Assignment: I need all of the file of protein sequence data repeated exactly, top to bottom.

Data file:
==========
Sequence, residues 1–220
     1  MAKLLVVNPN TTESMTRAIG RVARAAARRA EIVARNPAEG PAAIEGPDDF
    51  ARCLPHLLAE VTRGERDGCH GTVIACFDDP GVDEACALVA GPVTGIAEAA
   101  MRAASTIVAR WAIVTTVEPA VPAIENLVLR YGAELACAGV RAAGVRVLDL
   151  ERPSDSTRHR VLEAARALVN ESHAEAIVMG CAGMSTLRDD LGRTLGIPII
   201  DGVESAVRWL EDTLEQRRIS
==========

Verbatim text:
Sequence, residues 1–220
     1  MAKLLVVNPN TTESMTRAIG RVARAAARRA EIVARNPAEG PAAIEGPDDF
    51  ARCLPHLLAE VTRGERDGCH GTVIACFDDP GVDEACALVA GPVTGIAEAA
   101  MRAASTIVAR WAIVTTVEPA VPAIENLVLR YGAELACAGV RAAGVRVLDL
   151  ERPSDSTRHR VLEAARALVN ESHAEAIVMG CAGMSTLRDD LGRTLGIPII
   201  DGVESAVRWL EDTLEQRRIS